The narrative that Dina Long and everyone else wanted to share was the one of valiant recovery: that people came together and supported each other, and that their community is now stronger than ever before. Undoubtedly this was true during the storm and its immediate aftermath. Disasters often bring out the very best in humanity, as documented in Rebecca Solnit’s excellent book A Paradise Built in Hell.
But there is always a tension between cooperation and self-protection—in particular, the overwhelming desire to protect one’s own interests and property. In this respect, Ira Wagner’s photographs are especially revealing, reflecting the dominance of individual property ownership over all other values. The urban landscape of the New Jersey seashore is being rebuilt to protect individual property, producing strange and jagged skylines. For all the talk of the renewed social cohesion, the visual landscape looks extremely unequal, dividing people vertically into the protected, the unprotected, and the abandoned. The architecture of this reconstruction is also strikingly uncooperative, with no attempt to maintain a consistent aesthetic or shared civic identity in the fractured streetscape.
Of the interviews I made in 2013, the ones that left the deepest impression on me were those I held with the former residents of the Paradise Trailer Park on the outskirts of Sea Bright. Sandy had pummeled the flimsy trailers into match wood. One of the residents survived the storm surge only by perching on top of his refrigerator.
They were poor and struggling, and many were still homeless when I spoke to them in the street alongside the battered remnants of their former homes. Towering on a bluff behind us was the sprawling mansion of one of the financiers who catch the daily hydrofoil to Wall Street. The hedge-fund palace had been protected from the storm surge by its height, but this did not prevent the financier from putting in a six-figure insurance claim for damage to his siding and gutters.
When I look at Ira’s photographs of houses being jacked high above the ground, I wonder whether they represent a new visual expression of inequality. Cities have always embodied a topography of privilege that leads the rich to live on Nob Hill or in a condominium high above the slums and smog. Will one’s ability to live above the storm surge or monopolize the high ground be the primary mark of status in future climate extremes?
The photographs also reveal an adaptive response that, to a cultural outsider, appears to be uniquely North American. In Europe, our solid brick and stone buildings hold up relatively well to extreme weather, but they can’t move, and people in flood zones have to resign themselves to the damage or leave. The very lightness of American timber building reflects a native culture of high mobility and flexibility that creates buildings that can be rapidly and cheaply assembled, dismantled, extended, or shifted in any direction.
I feel that the photographs also speak of something deeper in the culture that has always led Americans to adopt extraordinary engineering solutions to urban challenges. In the 1850s, all the streets and buildings in central Chicago were raised to improve the drainage of the sewers into Lake Michigan. In New York, the entire 3,700-ton Empire Theatre was moved 170 feet along 42nd Street. Boston responded to chronic traffic congestion with the “Big Dig,” which buried Interstate 93 underground. The final price tag of $15 billion could have funded a visionary policy to reduce traffic loads. However, the response to a systemic problem—one closely related to climate change—was one of engineering-based adaptation rather than creative and complex mitigation.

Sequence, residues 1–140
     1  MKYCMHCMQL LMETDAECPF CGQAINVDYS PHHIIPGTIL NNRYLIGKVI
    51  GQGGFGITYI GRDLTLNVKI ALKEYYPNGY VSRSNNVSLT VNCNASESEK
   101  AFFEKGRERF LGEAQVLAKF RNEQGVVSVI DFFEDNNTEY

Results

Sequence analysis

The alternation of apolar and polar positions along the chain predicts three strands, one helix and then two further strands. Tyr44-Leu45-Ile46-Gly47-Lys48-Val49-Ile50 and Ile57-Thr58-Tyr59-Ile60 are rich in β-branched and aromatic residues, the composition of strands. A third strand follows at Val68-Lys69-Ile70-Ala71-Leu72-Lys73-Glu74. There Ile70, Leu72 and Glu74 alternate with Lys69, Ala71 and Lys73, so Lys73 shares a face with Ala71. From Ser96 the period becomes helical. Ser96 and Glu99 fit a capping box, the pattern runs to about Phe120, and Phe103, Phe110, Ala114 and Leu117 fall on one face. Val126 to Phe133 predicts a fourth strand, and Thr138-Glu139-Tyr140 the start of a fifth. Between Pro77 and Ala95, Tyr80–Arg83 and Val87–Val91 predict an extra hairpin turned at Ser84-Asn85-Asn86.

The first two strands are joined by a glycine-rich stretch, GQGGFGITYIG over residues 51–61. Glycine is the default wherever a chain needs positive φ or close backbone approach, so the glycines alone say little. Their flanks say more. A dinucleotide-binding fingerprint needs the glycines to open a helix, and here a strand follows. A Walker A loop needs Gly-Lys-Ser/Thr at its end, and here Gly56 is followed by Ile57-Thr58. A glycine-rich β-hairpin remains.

These two categories are central to understanding climate change. Adaptation measures change living and working patterns to cope with the new climatic conditions. Mitigation measures reduce the emissions that create those problems in the first place. A rational and coherent response must always contain both aspects.
Ira’s photo-documentation shows a visually remarkable adaptation. But just as telling is the total absence of any mitigation response. There are no solar panels, no signs of new energy systems or efficiency measures, no new cycle paths or electric vehicle charging points.
If it is hard to identify a conversation that has not taken place, it is just as hard to notice something that has not been built. These two absences are related. A public conversation that recognized the transformative reality of climate change might have generated a very different, but no less positive, reconstruction that embraced both adaptation and mitigation, alongside a renewed sense of civic pride and identity. It could have channeled some of the estimated $37 billion costs of rebuilding the New Jersey seashore into their reinvention as world-leading models for low-carbon communities. And in so doing, it could have built on New Jersey’s ambitious goal of producing 22.5 percent of its electrical power from renewable sources by 2021.
The piecemeal raising of the seashore houses can be read as a lost opportunity—a warning that the failure to discuss the root causes of extreme climate events can lead only to aberrant responses that force people apart just as they had, for the first time, truly come together.
1 See, for example, Kevin E. Trenberth et al., “Attribution of climate extreme events,” Nature Climate Change 5, 2015, https://www.nature.com/articles/nclimate2657.
2 See World Resources Institute, “Impacts of Hurricane Sandy and the Climate Change Connection,” 2012, https://www.wri.org/sites/default/files/pdf/sandy_fact_sheet.pdf.
2 responses to How the New Jersey shore responds to climate change without talking about climate change